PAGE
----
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We're new to RVing, but this is the best park we've seen so far. We counted 110 sites on the campground map we received at check-in (not available online?). The Reserve America page says 98 in the search results, but 96 on the main page. Seems like they need an update. The location is great, right on the bank of the Arkansas River. It's close to civilization, but doesn't sound like it when you're outside. Most of the spots are fairly level, but we saw a few, especially in the C-loop, that were very inclined and coincidentally empty. There were 4 pull-through spots and 2 back-in spots in the A-loop reserved for UAMS extended stay. The pull-through sites in B weren't restricted. The B-loop has most of the spots that are right on the river. We stayed in D-loop, where 3 driveways each split into 3 separate pads. That makes the fronts of the RVs closer to each other than we've seen before, but it wasn't bad. Most everyone was here for Labor Day weekend like us, but our "driveway mates" in D6 said they'd been there 18 months if I understood correctly. Park policy is to allow 14-day stays, but we noticed yesterday they moved to a different spot to comply with that restriction. The restrooms were clean, but we didn't try the showers. As far as I could tell, none of the sites had sewer hookups, but there were 3 or 4 dump stations in the park. There were at least 5 playgrounds, all of them near the reservable pavilions. The pavilions got used a lot for family reunions during the holiday weekend, but there was no trouble with noise once the sun went down. I slept more each night here than I usually do at home. No Wi-Fi of course, but my Verizon LTE iPad worked great. If this park had a pool or swimming area, it would be my go-to park for the summer (and everyone else's, no doubt). As it is I'm sure we'll be back!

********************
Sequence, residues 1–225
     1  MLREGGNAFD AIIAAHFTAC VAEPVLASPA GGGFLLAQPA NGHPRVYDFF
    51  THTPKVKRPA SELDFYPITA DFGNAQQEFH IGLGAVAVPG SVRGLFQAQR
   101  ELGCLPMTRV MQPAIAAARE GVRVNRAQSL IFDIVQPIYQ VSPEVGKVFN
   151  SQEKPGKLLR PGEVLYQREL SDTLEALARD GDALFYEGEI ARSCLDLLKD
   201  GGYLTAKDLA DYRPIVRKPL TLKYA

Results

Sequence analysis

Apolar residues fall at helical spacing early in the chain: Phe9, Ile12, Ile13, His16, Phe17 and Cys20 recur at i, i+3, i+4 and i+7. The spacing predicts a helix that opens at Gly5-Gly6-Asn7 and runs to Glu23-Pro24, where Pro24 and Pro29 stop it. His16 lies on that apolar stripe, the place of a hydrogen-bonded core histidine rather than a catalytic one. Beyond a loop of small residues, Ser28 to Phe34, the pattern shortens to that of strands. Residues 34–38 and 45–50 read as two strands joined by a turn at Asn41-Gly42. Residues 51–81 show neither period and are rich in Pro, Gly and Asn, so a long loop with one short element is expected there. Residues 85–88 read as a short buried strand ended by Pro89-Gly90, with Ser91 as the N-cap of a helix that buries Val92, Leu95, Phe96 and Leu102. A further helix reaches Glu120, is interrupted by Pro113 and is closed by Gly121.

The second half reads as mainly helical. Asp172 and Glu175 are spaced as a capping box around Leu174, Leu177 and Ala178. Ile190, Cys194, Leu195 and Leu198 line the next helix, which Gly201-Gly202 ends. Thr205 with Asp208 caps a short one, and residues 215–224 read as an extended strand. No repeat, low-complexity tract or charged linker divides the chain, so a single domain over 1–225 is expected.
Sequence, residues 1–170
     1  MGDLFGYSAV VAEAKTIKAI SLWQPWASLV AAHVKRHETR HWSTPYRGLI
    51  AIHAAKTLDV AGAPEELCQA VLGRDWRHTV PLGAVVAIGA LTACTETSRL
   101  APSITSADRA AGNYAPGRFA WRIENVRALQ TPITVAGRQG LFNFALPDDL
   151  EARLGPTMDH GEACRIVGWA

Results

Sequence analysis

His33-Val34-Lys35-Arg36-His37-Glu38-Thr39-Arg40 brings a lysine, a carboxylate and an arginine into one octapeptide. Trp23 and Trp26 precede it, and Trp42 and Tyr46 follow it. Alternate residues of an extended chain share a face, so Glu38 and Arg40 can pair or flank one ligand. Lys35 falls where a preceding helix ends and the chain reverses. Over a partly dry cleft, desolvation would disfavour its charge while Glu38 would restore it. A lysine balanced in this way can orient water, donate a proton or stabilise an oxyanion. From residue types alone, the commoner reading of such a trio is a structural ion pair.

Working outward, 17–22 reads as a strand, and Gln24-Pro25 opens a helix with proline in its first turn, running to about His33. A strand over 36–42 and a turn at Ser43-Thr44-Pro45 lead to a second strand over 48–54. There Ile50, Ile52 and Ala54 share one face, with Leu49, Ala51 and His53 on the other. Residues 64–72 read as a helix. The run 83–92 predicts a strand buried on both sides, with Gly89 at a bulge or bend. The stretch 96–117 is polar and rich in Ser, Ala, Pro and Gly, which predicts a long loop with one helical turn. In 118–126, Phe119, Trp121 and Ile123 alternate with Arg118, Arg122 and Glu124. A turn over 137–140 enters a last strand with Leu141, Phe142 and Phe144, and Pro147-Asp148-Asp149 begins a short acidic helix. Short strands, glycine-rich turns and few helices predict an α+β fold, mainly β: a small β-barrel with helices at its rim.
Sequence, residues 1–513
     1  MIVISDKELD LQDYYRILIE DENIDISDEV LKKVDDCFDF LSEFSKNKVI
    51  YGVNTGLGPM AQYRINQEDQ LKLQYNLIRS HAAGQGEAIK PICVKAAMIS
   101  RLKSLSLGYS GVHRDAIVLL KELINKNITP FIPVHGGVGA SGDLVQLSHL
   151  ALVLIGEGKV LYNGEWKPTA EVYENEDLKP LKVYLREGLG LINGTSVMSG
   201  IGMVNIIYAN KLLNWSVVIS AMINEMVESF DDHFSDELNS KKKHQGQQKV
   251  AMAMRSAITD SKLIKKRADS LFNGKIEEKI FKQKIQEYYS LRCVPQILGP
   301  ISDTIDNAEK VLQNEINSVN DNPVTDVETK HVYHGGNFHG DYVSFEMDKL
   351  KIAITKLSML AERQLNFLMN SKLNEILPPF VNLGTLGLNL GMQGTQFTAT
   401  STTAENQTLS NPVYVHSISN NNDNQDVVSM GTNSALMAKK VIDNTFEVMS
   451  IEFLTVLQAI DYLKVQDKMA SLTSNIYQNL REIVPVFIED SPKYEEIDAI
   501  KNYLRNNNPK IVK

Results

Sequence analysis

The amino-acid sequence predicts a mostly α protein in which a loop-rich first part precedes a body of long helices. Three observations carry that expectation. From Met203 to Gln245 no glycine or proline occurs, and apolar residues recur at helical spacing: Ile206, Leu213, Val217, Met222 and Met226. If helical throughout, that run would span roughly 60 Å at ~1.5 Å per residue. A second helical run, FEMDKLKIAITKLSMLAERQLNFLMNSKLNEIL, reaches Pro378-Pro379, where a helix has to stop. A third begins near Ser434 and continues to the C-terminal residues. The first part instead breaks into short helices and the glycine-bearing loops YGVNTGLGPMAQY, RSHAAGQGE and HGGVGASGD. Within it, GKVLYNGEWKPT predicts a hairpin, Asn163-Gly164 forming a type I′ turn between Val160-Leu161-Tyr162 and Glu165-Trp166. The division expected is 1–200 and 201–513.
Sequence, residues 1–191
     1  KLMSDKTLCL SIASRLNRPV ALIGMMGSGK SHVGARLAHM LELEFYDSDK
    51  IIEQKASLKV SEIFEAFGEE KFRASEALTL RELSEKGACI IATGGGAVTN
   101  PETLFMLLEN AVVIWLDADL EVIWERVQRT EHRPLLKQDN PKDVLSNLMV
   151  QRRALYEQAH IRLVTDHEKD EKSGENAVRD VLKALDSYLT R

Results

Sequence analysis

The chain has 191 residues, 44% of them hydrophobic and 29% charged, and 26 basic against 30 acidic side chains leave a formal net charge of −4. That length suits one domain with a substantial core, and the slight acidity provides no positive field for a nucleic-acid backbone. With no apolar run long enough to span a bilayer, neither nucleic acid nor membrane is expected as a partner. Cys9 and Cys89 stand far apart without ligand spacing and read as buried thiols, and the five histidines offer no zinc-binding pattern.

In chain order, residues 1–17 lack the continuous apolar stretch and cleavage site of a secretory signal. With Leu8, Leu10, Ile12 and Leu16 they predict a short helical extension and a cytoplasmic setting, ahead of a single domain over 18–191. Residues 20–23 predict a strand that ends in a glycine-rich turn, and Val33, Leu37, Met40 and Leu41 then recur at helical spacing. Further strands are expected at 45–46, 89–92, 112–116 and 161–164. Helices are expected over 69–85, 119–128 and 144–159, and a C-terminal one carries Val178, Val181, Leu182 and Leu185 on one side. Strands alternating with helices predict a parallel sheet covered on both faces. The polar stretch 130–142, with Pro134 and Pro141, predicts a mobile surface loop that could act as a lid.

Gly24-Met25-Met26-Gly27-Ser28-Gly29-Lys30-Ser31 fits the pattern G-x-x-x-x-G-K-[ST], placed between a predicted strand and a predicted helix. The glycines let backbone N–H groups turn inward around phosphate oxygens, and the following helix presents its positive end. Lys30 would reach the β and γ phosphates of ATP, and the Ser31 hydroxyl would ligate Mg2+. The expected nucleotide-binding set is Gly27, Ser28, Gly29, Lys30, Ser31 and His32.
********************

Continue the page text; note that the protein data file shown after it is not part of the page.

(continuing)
Date of Stay:

This was our first shakedown trip in the "bus" after bringing it back from TX the week before. We've camped in RVs, trailers and tents before at other parks. Like good newbies, we got here just in time for the office to close and the sun to go down. There was no map available outside the office, but the spot was easy enough to find. Several of the spots, like ours, are carved into the hill, with a big retaining wall on one side of the pad. That made it tough to back in and find the right position that allowed us to hook up and open the slides. The position that allowed our slide to open without hitting the retaining wall was sloped enough the front wheels came off the ground, a no-no for our coach. In the end, I used some leveling blocks under the front tires and manually lowered the jacks enough to get some stability. The new bathhouse in the middle of the camping loop was hit by lightning and burned down recently. There were portable toilets setup and a new bathhouse was being built. Construction was at reasonable hours and never bothered us. There were some pull-through sites and mostly back-ins, all with varying degrees of level pads. The best sites appeared to be the ADA sites at the top of the hill. If they are available to the general public I'll try to get one next time. They seemed like new, level concrete pads that were very wide and would easily allow a vehicle to park without hampering traffic. Although there's no pool, swimming is available in the lake for a fee. They also have canoes, kayaks and pedal boats for rent. We rented a pedal boat for an hour and then swam the rest of the day. The playground was fun for the kids, as well as the short hiking trail that ended at the Woolly Hollow cabin. Another fact: the Central Arkansas Astronomical Society holds an annual open house on the beach of Woolly Hollow. We've attended before in a car but maybe next time we'll camp and walk over with our telescope. All-in-all a pretty good first trip. We'll be back again.